Perhaps the echoing, dripping atmosphere of the cave where it was discovered was not merely that of the instrument’s last resting place, but also part of the musical tradition of the period. I imagine the cave as being mysteriously shadowy, wherein the deep thrumming of whirling sticks and the high-pitched melodies of swan-bone flutes, and perhaps the rhythmic drumming of bone and stone, created an atmosphere that emulated the magic of the natural world.

Bird bones lend themselves particularly well for use as wind instruments, because of both their strength and their essentially hollow structure. The swan-bone flute, reconstructed using additional new bones and contemporary tools such as flint saws and drills by the outstanding, Ulm-based experimental archaeologist Friedrich Seeberger, produces seven fine, modulated tones (four base; three upper), forming part of a pentatonic scale.

Bird bones were particularly effective as musical instruments, since they generate expressive melodies, but they were not the only suitable material, as archaeologists have shown with their finds of a similarly aged flute made from mammoth ivory and pieced together from 31 fragments.

Although the physical remains of the instruments exist, and the notes they produce are clear, we can only imagine what kind of music was performed on them — whether, for example, it was for entertainment, or ritual.

I like to think that a people capable of hunting down swans and mammoths would have used such instruments to imitate many of the natural sounds around them. I imagine a dramatic Stone Age soundscape drawn from wind, water, wood and stone, composed from the calls and songs of birds and mammals mixed with natural environmental sounds.

Fortunately in this respect, Seeberger’s expertise extends beyond technical reconstruction to musical reconstruction, and he has developed a mastery of the Stone Age bone flutes, and other prehistoric instruments — hence the CD of the sounds recorded in the Hohle Fels Cave near Schelklingen.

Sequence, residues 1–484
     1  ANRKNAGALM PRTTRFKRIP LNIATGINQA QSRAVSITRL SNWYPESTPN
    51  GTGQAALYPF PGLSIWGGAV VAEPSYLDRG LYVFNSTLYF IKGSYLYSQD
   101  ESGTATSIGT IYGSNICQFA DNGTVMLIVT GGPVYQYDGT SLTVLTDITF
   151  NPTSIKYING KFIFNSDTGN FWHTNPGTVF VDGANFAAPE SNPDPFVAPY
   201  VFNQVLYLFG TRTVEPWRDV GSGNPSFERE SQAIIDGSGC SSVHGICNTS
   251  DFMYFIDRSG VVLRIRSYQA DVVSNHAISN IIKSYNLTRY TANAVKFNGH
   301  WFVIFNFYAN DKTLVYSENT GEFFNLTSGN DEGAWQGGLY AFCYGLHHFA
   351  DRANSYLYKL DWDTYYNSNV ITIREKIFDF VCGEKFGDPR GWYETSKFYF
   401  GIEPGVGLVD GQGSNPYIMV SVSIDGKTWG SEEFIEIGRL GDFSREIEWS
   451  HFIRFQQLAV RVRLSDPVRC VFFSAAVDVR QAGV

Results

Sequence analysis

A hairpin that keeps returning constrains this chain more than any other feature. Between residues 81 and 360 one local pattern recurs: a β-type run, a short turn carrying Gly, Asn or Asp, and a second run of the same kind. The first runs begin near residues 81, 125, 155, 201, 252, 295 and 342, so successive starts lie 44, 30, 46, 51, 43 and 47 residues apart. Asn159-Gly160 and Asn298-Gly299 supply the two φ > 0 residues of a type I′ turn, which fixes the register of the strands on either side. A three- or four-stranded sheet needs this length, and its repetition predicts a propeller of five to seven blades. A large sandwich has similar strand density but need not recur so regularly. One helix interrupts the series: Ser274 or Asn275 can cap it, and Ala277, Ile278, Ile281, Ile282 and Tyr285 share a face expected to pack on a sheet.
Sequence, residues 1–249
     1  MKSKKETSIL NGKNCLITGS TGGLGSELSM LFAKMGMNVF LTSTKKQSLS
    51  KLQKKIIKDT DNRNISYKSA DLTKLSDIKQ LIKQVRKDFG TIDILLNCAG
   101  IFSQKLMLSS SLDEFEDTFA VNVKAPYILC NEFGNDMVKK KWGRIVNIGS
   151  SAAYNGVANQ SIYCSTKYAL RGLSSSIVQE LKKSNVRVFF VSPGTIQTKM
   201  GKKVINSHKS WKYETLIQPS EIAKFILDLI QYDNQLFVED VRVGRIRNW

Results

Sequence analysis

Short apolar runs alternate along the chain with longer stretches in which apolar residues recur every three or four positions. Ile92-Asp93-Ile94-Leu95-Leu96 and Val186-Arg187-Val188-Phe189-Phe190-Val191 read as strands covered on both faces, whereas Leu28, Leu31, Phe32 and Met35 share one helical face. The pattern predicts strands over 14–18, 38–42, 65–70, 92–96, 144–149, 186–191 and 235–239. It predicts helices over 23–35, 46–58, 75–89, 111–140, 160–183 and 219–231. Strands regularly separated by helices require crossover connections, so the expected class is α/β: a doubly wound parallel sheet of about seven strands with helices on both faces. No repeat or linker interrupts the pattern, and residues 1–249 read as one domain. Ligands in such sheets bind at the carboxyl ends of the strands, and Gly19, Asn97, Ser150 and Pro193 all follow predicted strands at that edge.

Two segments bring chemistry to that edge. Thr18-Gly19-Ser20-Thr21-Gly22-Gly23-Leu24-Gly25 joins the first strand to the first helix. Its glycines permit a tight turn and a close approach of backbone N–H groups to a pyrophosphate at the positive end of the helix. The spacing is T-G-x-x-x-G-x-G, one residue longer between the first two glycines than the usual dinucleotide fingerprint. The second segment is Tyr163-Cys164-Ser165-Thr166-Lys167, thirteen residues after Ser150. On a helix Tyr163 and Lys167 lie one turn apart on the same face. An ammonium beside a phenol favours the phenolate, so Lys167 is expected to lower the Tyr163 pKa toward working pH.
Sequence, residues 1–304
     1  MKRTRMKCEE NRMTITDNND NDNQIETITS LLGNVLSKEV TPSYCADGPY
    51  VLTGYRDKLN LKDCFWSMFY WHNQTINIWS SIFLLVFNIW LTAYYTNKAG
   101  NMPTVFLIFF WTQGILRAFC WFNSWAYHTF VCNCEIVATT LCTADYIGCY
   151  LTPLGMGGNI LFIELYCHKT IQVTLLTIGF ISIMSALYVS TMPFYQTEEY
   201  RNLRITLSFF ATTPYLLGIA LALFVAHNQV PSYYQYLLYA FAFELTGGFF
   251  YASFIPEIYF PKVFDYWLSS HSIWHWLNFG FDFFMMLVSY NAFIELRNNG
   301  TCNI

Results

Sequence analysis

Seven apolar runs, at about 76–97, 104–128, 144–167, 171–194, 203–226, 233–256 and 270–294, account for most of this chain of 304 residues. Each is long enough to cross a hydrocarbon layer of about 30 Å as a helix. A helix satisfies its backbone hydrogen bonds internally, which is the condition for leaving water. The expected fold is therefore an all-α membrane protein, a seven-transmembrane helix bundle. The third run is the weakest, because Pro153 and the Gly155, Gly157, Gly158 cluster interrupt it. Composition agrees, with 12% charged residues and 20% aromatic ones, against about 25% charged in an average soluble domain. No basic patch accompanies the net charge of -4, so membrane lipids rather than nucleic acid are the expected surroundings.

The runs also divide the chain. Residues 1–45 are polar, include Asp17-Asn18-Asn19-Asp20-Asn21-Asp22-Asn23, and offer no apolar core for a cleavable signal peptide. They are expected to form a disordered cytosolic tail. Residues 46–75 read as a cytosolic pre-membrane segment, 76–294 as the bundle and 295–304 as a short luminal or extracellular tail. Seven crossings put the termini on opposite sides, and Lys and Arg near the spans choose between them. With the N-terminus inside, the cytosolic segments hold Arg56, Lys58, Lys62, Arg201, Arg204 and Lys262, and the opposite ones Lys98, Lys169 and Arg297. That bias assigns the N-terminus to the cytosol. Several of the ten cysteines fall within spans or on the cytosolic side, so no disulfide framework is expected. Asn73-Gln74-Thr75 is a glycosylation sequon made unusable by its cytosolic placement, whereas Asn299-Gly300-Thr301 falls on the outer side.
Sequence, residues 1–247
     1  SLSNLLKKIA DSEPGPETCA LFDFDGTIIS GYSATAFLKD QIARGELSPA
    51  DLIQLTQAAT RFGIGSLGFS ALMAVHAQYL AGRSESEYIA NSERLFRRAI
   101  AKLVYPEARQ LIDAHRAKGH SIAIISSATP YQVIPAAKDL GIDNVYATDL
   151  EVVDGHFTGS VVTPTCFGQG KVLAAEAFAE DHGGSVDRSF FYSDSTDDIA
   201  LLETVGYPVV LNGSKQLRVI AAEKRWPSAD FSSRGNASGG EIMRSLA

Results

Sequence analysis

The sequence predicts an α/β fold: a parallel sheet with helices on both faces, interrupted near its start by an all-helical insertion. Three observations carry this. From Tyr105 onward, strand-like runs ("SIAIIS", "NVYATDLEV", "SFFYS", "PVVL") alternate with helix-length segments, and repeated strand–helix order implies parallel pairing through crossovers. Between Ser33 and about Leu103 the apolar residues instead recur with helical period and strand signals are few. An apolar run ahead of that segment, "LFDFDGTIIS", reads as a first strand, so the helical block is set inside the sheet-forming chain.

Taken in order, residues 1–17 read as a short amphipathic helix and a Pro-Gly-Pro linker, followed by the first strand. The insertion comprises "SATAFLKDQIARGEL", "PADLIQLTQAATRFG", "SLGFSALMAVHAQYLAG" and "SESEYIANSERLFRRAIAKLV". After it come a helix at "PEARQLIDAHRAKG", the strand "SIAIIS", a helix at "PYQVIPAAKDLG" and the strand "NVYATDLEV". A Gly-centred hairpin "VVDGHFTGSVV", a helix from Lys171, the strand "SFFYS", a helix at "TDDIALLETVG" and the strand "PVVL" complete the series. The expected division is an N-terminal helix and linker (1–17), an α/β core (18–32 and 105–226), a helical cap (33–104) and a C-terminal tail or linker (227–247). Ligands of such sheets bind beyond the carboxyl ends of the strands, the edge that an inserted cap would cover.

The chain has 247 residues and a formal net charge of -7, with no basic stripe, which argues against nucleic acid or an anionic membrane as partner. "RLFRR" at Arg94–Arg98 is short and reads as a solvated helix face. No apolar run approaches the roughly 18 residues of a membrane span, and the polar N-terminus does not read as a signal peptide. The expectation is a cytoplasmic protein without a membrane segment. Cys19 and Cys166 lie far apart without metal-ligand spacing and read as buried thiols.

Seeberger’s reconstruction uses a 150-mm-long Mute Swan wing bone, and his approach to the music played on it takes into account the reliance of current aboriginal peoples on shamanic traditions, in which sound is a medium between the world of reality and the world beyond.

The shamanic tradition uses various instrument and song techniques — flutes, drums, scrapers, whirring sticks, music bows (sounding like mouth harps) and drone singing — to produce sounds deemed to have magical or spiritual powers.

Seeberger has relied on this ancient tradition to create a haunting musical framework using ancient instruments. In this soundscape, music is part of a ritual dialogue and a kind of reconciliation between the hunter and the hunted; a dialogue in which animal voices are often mimicked along with rhythm and drone songs to become musical phenomena that are inseparable parts of shamanic traditions involving trance.

Music — either ancient or modern — helps us to transcend our normal human condition, and to send the soul on a spiritual journey.

Having seen the swan-bone flute and heard the magical sounds it produces, I will never look on the Whooper Swan as merely a bird again: Clearly it is an ancient link between worlds.